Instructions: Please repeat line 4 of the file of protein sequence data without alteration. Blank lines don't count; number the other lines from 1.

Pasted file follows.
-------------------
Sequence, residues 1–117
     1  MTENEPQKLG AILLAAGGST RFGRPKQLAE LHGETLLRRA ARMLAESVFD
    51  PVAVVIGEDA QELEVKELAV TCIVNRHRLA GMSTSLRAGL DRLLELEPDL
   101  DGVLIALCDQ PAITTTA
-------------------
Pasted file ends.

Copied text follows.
   101  DGVLIALCDQ PAITTTA